Near the town of Aix-en-Provence, rising out of the landscape, you will find the Aqueduc-de-Roquefavour. While on an outing to see the town of Ventabren, we happened upon it.
Even though I lived in Aix-en-Provence for two years and the aqueduct is situated only about 15 kilometers from there, I never knew of its existence.
It was built between the years of 1840-1847 by a young engineer named Franz Mayor de Montricher. The reason for its construction was that the surrounding area (mostly Marseille) which was continuing to grow at a rapid rate was having trouble getting access to fresh, clean water. They needed some way to bring the fresh waters of the Durance to the town. An epidemic of cholera a few years before construction began was a major pushing point in getting the aqueduct built.
It measures 393 meters long and 82 meters high and is comprised of 3 layers of arches. There were around 5000 workers who contributed to its construction. Today it is classified as an historical monument.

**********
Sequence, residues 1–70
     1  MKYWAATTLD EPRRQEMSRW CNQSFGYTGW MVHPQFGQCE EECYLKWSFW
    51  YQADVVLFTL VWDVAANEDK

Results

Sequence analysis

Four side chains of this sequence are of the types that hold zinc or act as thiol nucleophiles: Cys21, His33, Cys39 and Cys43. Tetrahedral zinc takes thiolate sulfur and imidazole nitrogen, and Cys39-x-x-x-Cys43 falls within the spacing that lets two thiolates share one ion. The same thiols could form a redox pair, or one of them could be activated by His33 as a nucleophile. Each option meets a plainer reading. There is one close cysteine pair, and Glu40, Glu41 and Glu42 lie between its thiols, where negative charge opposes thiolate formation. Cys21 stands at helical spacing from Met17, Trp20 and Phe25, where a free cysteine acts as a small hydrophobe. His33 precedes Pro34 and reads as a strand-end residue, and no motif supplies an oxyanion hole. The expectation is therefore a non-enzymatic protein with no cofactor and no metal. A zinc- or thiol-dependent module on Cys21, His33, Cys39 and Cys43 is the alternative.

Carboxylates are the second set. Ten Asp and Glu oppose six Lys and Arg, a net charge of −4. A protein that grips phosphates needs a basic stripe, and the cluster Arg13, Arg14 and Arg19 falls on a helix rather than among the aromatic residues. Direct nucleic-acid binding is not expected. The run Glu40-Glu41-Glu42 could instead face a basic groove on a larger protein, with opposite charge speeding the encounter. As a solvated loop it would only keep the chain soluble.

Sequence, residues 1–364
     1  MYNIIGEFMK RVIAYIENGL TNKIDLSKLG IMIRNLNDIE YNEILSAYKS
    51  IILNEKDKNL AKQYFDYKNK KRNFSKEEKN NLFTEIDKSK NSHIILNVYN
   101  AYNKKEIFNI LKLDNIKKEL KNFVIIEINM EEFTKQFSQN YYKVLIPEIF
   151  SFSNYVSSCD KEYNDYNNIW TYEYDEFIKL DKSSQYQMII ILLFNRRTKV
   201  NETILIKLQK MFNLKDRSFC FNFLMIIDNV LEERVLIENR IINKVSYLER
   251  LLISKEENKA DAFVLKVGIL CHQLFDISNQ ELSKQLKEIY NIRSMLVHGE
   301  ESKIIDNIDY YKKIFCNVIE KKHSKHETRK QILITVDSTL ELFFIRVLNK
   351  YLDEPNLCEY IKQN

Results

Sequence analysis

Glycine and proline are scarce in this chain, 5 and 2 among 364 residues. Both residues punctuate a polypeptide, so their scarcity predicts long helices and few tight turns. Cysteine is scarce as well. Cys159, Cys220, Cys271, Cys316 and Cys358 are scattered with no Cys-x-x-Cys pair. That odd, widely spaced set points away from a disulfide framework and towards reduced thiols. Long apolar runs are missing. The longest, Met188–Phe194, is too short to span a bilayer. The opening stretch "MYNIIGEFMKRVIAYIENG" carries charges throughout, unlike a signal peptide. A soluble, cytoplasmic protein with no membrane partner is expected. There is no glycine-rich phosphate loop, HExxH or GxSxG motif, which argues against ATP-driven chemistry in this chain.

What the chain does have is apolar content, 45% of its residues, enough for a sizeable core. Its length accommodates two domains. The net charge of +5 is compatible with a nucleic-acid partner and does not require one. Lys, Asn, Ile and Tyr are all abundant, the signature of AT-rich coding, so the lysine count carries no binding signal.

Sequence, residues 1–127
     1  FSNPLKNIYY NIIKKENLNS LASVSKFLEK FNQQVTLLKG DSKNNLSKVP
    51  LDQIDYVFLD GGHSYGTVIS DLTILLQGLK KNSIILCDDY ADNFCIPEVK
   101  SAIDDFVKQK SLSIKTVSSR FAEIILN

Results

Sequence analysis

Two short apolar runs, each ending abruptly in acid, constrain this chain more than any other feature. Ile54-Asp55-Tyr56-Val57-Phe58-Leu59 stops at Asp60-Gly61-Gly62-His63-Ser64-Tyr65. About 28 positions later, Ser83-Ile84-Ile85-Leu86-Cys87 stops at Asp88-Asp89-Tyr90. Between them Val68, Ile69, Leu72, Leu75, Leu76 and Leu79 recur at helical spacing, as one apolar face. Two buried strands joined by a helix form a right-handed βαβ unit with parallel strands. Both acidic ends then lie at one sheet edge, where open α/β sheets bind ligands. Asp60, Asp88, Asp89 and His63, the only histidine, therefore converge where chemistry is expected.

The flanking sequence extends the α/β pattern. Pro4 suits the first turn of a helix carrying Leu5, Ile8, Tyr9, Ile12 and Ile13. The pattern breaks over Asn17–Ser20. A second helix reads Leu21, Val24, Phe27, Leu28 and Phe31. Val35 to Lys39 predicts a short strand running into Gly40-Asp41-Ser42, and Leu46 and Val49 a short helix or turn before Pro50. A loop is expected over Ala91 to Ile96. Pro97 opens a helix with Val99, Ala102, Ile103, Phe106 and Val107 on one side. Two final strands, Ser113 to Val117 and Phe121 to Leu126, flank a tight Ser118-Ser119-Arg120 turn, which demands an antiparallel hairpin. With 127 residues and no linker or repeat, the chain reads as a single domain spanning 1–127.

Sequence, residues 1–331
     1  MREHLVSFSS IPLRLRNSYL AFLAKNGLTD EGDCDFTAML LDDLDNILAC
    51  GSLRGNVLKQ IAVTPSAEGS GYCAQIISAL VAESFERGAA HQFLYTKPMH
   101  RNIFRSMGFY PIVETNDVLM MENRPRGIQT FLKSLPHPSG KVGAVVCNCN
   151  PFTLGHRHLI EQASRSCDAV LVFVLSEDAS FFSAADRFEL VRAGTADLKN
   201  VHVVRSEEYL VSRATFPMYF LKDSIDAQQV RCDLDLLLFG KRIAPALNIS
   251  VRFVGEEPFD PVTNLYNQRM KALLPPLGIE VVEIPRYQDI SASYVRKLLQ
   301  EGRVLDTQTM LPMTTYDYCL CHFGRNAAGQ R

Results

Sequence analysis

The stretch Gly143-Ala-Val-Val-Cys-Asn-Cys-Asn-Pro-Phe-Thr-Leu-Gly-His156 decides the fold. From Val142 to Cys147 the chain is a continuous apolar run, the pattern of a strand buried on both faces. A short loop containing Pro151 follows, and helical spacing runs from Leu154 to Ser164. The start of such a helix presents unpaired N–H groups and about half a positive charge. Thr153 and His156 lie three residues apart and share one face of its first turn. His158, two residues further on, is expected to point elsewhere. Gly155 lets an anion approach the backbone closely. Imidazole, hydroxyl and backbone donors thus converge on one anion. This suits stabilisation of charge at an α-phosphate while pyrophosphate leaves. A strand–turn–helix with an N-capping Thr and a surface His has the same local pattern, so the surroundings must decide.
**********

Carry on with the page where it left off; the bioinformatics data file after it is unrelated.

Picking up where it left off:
To see the aqueduct up close, you can park your car just under the railroad bridge and there you will find access to some steep and narrow steps. Once at the top of the stone steps there is a path just up to the left of the aqueduct. The climb up this rocky path is pretty steep but it gives you access to the next level on which you can stand and see a wonderful view of the surrounding area. Unfortunately, the entrances to go under the arches are now gated and you can’t pass through to walk across, but you can still walk around the area to see different views of it. If you’re like me, you will love getting up close to be able to touch it.
It is in near perfect condition and looks as if it were built recently (except for the architectural style). It is definitely worth a stop if you are on your way to one of the surrounding villages.
We enjoyed a lovely afternoon there and were blessed with great weather, as well.